Word Statistics
Book1 use
Library10 uses in 10 avg bks
Web Links
innumerable
1 use
...the vast court was filled with vehicles of every sort—wagons, gigs, chars-à-bancs, tilburies, innumerable vehicles which have no name, yellow with mud, misshapen, pieced together, raising their shafts to heaven like two arms, or it may be with their nose, on the ground and their rear in the air.
innumerable = too numerous to be counted
Word Statistics
Book1 use
Library3 uses in 10 avg bks
Web Links
malicious
1 use
They had once had a quarrel about a halter, and they had borne each other malice ever since.†
malice = the desire to hurt others or see them suffer
DefinitionGenerally malicious means:
wanting to see others suffer; or threatening evil
Word Statistics
Book1 use
Library8 uses in 10 avg bks
SAT®*top 500
Web Links
peasant
5 uses
It was market-day, and from all the country round Goderville the peasants and their wives were coming toward the town.†
peasants = used historically or possibly in relation to a very poor country:  people of low income, education, and social standing — especially those who raise crops or livestock
DefinitionGenerally peasant means:
used historically or possibly in relation to a very poor country:  a person of low income, education, and social standing — especially one who raises crops or livestock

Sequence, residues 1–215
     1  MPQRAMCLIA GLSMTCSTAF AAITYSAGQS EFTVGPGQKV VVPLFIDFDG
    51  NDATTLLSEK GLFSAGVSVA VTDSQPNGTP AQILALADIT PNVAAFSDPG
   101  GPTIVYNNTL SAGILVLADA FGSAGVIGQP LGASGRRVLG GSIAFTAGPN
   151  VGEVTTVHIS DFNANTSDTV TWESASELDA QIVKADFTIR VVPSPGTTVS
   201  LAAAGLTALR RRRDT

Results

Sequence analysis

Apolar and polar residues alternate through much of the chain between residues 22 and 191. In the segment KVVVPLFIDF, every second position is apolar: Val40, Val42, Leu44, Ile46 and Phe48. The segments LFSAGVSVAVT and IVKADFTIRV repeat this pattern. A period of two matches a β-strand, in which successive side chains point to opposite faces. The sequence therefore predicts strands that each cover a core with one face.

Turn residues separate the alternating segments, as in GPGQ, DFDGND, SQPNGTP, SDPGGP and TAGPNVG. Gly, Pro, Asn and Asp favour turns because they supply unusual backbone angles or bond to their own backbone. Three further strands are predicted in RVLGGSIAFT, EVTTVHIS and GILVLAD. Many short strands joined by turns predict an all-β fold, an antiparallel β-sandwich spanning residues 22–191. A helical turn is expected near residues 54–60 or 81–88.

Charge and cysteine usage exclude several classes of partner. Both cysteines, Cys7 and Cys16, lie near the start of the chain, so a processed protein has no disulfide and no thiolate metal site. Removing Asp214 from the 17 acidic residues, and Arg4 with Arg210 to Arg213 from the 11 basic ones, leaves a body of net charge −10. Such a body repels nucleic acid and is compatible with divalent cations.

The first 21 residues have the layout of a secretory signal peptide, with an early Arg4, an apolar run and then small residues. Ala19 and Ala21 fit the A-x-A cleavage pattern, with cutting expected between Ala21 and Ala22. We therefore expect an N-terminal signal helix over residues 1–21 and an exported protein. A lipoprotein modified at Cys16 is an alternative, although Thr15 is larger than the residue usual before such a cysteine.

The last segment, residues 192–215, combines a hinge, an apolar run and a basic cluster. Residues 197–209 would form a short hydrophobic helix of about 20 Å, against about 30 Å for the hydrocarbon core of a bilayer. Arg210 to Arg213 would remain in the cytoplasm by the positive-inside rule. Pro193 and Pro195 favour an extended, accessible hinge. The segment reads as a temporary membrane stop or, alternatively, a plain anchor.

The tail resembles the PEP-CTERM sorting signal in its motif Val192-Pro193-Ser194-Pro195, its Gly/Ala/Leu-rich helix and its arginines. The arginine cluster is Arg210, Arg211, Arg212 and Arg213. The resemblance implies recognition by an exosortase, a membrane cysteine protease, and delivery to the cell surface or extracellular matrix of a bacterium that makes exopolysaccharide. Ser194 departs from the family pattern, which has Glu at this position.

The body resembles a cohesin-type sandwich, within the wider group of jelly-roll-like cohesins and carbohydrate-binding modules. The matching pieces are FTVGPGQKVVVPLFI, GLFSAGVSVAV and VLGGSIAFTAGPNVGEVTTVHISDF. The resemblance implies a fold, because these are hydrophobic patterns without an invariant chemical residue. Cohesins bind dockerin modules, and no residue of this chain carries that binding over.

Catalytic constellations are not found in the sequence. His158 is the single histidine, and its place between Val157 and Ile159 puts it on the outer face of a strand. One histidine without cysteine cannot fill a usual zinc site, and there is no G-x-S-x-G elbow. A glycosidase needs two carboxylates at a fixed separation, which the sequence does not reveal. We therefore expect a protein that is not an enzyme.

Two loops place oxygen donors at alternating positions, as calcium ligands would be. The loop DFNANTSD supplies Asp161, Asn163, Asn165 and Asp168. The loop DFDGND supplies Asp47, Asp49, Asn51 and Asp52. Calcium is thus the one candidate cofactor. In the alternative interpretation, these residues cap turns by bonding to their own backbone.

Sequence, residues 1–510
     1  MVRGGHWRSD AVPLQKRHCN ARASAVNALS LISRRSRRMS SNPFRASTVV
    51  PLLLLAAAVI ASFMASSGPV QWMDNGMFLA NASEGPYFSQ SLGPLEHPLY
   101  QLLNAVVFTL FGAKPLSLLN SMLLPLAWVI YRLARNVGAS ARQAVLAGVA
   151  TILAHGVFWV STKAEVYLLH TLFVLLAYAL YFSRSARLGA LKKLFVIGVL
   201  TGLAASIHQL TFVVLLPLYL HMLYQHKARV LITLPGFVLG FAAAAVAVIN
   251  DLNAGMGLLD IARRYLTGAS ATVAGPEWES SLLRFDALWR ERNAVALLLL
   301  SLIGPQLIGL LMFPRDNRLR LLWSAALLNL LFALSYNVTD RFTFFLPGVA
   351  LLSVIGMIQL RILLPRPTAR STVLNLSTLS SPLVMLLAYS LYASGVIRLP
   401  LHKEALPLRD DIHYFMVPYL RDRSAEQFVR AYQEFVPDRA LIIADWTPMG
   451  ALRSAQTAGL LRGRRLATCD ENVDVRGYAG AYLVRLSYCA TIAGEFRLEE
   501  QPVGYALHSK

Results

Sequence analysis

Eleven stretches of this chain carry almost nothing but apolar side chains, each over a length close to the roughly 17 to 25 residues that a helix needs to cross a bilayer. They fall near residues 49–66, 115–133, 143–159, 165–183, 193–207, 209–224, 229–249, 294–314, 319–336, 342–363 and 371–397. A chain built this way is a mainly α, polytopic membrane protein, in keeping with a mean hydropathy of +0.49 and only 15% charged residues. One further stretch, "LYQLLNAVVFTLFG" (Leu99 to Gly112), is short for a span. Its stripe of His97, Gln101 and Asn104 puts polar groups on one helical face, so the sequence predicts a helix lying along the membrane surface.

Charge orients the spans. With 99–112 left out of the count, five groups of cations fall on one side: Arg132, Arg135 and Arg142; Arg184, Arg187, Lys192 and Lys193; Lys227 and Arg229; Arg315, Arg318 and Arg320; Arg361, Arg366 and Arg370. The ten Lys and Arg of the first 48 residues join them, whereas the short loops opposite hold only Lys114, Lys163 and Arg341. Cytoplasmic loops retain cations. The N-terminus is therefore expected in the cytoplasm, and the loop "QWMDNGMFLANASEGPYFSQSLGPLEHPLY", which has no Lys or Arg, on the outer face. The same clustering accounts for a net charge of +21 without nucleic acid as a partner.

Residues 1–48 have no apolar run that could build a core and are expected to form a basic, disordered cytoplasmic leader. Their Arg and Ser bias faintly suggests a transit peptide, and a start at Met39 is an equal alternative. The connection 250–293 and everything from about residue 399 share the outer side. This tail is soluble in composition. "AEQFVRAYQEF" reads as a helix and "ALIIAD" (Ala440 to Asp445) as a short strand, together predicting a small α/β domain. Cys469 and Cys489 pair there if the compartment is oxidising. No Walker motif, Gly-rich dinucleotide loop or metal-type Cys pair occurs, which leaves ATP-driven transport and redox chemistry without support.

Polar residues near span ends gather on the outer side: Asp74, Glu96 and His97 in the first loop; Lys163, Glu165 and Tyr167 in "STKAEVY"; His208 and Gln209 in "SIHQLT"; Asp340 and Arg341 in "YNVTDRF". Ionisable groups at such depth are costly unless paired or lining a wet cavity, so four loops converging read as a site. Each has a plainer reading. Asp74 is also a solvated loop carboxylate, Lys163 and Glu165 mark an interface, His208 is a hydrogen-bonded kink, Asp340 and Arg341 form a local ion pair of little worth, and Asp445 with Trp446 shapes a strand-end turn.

Word Statistics
Book5 uses
Library12 uses in 10 avg bks
Web Links
perplex
1 use
At last the mayor, much perplexed, sent him away, warning him that he would inform the public prosecutor and ask for orders.†
perplexed = confused or puzzled
DefinitionGenerally perplex means:
to confuse
Word Statistics
Book1 use
Library9 uses in 10 avg bks
Web Links
protrude
1 use
And just behind the animal followed their wives beating it over the back with a leaf-covered branch to hasten its pace, and carrying large baskets out of which protruded the heads of chickens or ducks.†
protruded = stuck out
DefinitionGenerally protrude means:
to stick out from
Word Statistics
Book1 use
Library8 uses in 10 avg bks
Web Links
slander
1 use
How can they tell—how can they tell such lies as that to slander an honest man!†
slander = lie in such a way as to damage the reputation of another; or the lies told
DefinitionGenerally slander means:
lie to damage the reputation of another; or the lies told
Word Statistics
Book1 use
Library2 uses in 10 avg bks
Web Links
testimony
1 use
He was confronted with M. Malandain, who repeated and sustained his testimony.†
testimony = something that serves as evidence — especially a statement at a trial or hearing
Word Statistics
Book1 use
Library9 uses in 10 avg bks
Web Links
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Sample usage followed by this mark was not checked by an editor. Please let us know if you spot a problem.